mRNA guanylyltransferase and mRNA (guanine-7-)-methyltransferase from vaccinia virions. Donor and acceptor substrate specificites.
Characterization of the donor and acceptor specificities of mRNA guanylyltransferase and mRNA (guanine-7-)-methyltransferase isolated from vaccinia virus cores has enabled us to discriminate between alternative reaction sequences leading to the formation of the 5'-terminal m7G(5')pppN-structure. The mRNA guanylyltransferase catalyzes the transfer of a residue of GMP from GTP to acceptors which possess a 5'-terminal diphosphate. A diphosphate-terminated polyribonucleotide is preferred to a mononucleoside diphosphate as an acceptor suggesting that the guanylyltransferase reaction occurs after initiation of RNA synthesis. Although all of the homopolyribonucleotides tested (pp(A)n, pp(G)n, pp(I)n, pp(U)n, and pp(C)n) are acceptors for the mRNA guanylyltransferase indicating lack of strict sequence specificity, those containing purines are preferred. Only GTP and dGTP are donors in the reaction; 7-methylguanosine (m7G) triphosphate specifically is not a donor indicating that guanylylation must precede guanine-7-methylation. The preferred acceptor of the mRNA (guanine-7-)-methyltransferase is the product of the guanylyltransferase reaction, a polyribonucleotide with the 5'-terminal sequence G(5')pppN-. The enzyme can also catalyze, but less efficiently methylation of the following: dinucleoside triphosphates with the structure G(5')pppN, GTP, dGTP, ITP, GDP, GMP, and guanosine. The enzyme will not catalyze the transfer of methyl groups to ATP, XTP, CTP, UTP, or to guanosine-containing compounds with phosphate groups in either positions 2' or 3' or in 3'-5' phosphodiester linkages. The latter specificity provides an explanation for the absence of internal 7-methylguanosine in mRNA. In the presence of PPi, the mRNA guanylyltransferase catalyzes the pyrophosphorolysis of the dinucleoside triphosphate G(5')pppA, but not of m7G(5')pppA. Since PPi is generated in the process of RNA chain elongation, stabilization of the 5'-terminal sequences of mRNA is afforded by guanine-7-methylation. (+info)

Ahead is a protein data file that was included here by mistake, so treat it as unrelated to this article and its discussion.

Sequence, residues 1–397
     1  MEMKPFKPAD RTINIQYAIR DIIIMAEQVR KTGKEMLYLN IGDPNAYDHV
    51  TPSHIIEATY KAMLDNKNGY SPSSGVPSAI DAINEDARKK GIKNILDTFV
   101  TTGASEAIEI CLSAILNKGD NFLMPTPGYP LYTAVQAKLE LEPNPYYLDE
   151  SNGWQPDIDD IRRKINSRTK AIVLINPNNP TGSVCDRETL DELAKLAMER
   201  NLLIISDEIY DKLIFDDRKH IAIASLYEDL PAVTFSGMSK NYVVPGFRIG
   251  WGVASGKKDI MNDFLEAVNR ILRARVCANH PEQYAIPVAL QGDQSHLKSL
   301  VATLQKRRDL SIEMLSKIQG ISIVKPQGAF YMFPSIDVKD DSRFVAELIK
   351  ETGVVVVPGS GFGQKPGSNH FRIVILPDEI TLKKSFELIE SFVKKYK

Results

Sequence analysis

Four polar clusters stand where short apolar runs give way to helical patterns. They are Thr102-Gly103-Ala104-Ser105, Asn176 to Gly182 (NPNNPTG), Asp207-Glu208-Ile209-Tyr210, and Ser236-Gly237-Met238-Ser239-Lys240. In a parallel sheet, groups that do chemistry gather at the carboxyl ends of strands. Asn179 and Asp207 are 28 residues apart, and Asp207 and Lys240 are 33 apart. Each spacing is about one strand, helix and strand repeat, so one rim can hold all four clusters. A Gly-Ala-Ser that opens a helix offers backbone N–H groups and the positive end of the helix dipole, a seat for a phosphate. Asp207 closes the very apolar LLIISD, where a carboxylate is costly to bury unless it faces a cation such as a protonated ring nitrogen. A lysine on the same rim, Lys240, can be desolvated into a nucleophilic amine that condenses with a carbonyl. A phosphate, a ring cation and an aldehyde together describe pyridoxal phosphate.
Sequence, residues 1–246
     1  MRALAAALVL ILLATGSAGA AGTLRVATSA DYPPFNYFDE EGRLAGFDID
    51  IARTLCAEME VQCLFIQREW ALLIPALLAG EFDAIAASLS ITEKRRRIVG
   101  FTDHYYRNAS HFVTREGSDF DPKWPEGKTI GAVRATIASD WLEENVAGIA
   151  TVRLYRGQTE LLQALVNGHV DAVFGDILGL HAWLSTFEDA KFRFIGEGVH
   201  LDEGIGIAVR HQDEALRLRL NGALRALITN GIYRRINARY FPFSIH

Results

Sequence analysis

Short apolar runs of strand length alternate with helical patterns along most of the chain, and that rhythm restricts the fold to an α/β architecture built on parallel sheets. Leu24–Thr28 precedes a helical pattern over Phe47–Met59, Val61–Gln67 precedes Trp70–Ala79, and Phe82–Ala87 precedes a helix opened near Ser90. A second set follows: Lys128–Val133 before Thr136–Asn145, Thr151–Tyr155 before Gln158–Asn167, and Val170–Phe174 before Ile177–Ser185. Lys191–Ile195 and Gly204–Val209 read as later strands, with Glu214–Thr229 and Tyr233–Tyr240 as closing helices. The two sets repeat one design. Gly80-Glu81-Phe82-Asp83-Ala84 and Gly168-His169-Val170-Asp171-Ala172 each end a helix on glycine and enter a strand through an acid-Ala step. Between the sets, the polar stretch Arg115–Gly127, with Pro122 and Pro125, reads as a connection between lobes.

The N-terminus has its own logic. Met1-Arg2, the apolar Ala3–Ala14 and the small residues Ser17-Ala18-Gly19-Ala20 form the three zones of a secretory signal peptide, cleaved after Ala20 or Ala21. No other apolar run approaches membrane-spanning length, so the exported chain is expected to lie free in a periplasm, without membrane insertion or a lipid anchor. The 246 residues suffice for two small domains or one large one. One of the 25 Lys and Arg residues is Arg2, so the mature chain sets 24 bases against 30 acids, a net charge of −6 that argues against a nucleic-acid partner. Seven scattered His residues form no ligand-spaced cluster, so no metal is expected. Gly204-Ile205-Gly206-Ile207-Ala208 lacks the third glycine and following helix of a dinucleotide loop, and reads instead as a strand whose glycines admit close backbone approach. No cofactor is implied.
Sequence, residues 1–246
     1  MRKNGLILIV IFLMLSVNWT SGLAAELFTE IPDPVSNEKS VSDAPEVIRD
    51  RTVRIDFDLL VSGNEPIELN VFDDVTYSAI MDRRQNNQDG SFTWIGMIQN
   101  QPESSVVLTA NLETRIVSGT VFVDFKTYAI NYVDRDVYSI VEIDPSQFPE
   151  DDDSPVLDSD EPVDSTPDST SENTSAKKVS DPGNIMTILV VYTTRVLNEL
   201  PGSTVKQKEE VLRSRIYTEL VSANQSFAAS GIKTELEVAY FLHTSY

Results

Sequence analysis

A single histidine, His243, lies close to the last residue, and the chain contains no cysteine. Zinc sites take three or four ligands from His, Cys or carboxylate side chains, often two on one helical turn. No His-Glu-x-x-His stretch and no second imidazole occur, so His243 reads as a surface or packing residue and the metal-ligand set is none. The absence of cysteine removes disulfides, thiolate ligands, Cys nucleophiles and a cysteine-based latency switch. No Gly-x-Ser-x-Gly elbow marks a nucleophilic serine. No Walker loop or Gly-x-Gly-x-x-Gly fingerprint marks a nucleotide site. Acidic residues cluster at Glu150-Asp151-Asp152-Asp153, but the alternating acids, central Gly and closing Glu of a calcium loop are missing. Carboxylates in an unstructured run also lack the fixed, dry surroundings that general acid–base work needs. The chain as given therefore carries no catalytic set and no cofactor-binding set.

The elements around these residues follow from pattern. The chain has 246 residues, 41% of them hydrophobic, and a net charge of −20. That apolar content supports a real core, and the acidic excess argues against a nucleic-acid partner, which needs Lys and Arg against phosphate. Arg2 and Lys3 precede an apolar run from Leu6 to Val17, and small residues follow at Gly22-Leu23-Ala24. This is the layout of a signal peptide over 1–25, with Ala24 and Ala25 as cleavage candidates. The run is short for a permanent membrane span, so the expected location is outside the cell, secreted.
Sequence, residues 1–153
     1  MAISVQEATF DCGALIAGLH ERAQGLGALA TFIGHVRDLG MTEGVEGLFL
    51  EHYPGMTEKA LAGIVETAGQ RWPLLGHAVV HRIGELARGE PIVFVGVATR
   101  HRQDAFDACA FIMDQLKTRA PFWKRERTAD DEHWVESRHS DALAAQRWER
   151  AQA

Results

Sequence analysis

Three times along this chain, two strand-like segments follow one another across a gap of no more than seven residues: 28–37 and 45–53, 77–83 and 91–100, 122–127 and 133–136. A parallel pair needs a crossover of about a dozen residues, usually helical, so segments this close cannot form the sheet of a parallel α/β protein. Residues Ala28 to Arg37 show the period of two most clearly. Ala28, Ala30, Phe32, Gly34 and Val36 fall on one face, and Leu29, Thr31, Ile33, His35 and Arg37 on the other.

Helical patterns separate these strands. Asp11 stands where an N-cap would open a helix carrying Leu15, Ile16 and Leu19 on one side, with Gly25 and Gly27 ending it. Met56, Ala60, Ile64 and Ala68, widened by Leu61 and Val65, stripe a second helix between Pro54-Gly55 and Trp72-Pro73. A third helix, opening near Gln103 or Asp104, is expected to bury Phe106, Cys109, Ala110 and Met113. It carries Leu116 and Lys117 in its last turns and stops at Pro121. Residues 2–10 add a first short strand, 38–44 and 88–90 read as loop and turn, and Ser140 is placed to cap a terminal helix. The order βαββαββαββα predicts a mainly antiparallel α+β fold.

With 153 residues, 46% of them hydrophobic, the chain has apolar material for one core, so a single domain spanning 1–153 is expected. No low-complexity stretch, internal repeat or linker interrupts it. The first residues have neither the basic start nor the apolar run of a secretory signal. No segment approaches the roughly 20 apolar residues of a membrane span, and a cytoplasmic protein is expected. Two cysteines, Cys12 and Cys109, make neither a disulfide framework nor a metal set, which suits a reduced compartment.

A lipid modified ubiquitin is packaged into particles of several enveloped viruses.
An anti-ubiquitin cross-reactive protein which migrates more slowly (6.5 kDa) by SDS-PAGE than ubiquitin was identified in African swine fever virus particles. This protein was extracted into the detergent phase in Triton X-114 phase separations, showing that it is hydrophobic, and was radiolabelled with both [3H]palmitic acid and [32P]orthophosphate. This indicates that the protein has a similar structure to the membrane associated phosphatidyl ubiquitin described in baculovirus particles. A similar molecule was found in vaccinia virus and herpes simplex virus particles, suggesting that it may be a component of uninfected cell membranes, which is incorporated into membrane layers in virions during morphogenesis. (+info)